Why the Recent Milk Research Is Faulty

Why be Skeptical?

I just received a link to an article from one of my migraine group members with concern and confusion–quite understandably. I want to explain why articles like this are misleading and hope that this will help you in the future to see (and not panic!) what is wrong with them–here is the original it refers to.

The research has committed several errors:

  1. not looking at what kind of milk is consumed
  2. if grains are consumed
  3. what kind of other fats are consumed
  4. if sugar is consumed

The actual summary of the newspaper is totally misleading since the original study looks at the genetic connection of drinking milk (as opposed to eating fermented milk like yogurt and kefir) to genotypes–not mentioned in the newspaper at all. The original research isolated D-galactose as the possible cause for fractures, etc., and only looked at that and nothing else.

The Problems

Studies that take a single food item humans eat and look at that in isolation are trouble for many very simple reasons. Milk is not pure D-galactose… so if you take D-galactose and look at what that does, perhaps you will find issues. Also, people eat a variety of foods that affect how milk is absorbed and used by the body and for what. For example, look at the 4 points I listed above. Each has a major influence on how the body responds to drink.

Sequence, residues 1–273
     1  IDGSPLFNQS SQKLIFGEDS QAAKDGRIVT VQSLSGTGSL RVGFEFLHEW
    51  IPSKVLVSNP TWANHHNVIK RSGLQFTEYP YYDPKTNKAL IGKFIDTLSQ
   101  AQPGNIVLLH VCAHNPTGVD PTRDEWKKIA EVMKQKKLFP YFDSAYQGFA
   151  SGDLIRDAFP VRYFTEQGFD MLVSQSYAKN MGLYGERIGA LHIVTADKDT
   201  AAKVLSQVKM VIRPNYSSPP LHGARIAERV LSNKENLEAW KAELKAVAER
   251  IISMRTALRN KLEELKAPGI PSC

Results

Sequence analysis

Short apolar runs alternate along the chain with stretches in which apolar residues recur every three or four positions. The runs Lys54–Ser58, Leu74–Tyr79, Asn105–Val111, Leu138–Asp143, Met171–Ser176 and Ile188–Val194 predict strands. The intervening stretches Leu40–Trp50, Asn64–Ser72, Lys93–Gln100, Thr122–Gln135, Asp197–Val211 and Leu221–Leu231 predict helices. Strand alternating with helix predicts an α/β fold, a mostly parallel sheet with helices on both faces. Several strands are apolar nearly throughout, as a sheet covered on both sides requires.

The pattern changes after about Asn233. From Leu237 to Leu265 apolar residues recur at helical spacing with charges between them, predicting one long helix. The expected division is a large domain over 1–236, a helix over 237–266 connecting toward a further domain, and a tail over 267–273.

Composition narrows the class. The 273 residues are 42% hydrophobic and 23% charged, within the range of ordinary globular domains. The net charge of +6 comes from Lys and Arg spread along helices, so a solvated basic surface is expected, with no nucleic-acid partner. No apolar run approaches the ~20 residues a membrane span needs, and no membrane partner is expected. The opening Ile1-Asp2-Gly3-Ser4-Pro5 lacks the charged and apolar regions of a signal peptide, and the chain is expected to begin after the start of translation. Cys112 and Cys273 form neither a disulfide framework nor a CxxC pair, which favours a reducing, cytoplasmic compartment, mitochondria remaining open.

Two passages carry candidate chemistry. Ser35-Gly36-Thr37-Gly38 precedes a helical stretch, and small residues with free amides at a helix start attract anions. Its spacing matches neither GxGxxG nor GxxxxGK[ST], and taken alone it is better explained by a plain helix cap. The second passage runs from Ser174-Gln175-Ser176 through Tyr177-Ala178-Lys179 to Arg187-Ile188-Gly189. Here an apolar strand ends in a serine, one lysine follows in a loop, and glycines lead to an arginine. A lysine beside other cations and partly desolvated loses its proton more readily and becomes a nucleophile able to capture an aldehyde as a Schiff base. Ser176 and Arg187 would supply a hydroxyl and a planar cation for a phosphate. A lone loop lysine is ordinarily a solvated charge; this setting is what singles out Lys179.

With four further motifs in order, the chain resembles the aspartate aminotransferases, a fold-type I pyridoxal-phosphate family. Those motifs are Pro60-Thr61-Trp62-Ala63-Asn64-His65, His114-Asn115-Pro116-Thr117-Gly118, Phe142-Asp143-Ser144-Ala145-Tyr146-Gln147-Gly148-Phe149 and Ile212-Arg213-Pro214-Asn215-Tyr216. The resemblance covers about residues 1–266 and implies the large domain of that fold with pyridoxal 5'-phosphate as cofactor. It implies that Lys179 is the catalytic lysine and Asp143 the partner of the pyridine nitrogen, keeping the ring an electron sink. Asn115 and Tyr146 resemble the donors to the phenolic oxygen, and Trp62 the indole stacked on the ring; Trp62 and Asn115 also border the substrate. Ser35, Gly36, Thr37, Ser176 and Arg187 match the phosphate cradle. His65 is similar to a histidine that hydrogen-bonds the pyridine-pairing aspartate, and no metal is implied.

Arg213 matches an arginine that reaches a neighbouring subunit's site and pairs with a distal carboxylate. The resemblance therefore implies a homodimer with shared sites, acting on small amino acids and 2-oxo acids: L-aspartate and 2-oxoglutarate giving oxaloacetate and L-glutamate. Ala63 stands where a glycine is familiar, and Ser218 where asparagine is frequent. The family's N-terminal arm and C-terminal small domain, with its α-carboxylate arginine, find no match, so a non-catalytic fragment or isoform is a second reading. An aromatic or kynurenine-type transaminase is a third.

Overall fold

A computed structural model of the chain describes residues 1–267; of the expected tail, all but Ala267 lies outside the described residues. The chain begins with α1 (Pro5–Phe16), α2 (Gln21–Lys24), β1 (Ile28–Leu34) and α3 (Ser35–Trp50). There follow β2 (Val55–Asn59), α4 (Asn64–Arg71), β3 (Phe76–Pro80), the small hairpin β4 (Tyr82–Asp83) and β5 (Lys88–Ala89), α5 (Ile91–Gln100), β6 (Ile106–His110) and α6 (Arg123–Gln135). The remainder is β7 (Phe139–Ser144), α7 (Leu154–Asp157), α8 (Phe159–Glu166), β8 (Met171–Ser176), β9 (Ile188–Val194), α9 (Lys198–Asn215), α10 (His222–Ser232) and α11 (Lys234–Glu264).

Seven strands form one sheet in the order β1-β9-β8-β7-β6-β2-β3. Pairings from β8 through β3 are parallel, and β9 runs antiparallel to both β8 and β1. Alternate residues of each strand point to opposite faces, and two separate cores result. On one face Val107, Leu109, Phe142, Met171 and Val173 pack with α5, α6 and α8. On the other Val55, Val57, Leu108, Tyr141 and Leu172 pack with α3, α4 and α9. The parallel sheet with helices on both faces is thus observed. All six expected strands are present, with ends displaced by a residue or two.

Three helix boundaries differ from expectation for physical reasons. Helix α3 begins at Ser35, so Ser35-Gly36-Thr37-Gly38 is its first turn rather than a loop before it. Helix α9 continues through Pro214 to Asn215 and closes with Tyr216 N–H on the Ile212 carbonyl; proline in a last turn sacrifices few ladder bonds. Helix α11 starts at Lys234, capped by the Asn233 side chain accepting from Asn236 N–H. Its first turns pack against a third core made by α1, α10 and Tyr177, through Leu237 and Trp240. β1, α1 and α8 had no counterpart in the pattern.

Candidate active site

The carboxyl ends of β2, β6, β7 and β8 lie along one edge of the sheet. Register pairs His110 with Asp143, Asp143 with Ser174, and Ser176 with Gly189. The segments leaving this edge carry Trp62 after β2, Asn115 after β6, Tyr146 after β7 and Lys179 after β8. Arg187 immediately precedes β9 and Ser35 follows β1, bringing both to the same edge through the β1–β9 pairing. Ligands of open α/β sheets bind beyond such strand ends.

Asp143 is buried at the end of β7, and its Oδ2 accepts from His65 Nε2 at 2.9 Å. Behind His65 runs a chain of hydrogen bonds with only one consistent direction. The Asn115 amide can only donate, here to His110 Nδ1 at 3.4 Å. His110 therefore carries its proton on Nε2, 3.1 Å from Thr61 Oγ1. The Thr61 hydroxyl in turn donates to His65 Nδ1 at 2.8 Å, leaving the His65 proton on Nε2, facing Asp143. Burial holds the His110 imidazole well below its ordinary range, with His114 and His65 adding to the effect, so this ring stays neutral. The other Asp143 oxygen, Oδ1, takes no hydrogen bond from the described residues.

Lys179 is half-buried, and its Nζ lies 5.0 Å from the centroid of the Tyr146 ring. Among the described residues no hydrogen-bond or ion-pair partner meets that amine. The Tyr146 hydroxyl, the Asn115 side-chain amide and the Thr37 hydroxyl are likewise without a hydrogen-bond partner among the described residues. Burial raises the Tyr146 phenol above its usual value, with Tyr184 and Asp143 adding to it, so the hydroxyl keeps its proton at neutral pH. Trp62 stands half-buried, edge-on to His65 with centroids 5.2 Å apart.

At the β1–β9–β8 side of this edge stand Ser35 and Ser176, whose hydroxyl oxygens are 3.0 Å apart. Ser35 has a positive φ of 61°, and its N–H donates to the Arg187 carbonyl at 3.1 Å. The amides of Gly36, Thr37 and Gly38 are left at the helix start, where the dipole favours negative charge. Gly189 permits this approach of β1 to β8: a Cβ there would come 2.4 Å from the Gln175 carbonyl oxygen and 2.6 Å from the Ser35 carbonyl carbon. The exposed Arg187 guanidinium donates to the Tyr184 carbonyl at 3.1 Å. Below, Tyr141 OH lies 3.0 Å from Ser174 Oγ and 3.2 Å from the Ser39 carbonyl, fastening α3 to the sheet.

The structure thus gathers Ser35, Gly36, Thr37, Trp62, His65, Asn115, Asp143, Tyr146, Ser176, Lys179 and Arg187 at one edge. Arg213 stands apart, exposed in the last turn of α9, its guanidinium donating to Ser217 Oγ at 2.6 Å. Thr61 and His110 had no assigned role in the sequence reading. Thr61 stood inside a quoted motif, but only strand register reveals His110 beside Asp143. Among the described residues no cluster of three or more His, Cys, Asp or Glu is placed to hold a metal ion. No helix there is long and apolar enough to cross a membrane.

We already know that whole milk is the only healthy milk so if they looked at skim milk (no mention of the type of milk) then we know that it is a problem. If they did not separate milk types, that too is a problem since each milk type has a little bit different mineral and nutrition constituent–these also vary by brand! No mention of any of this in the research, so this is an epidemiological study without full information. That is a major problem.

Why grains, fat, and sugar have such significant effect on the bones:

  1. Grains prevent the absorption of nutrients by blocking protein synthesis and nutrient absorption in the intestines and the gut so while you are drinking calcium, it doesn’t absorb anywhere.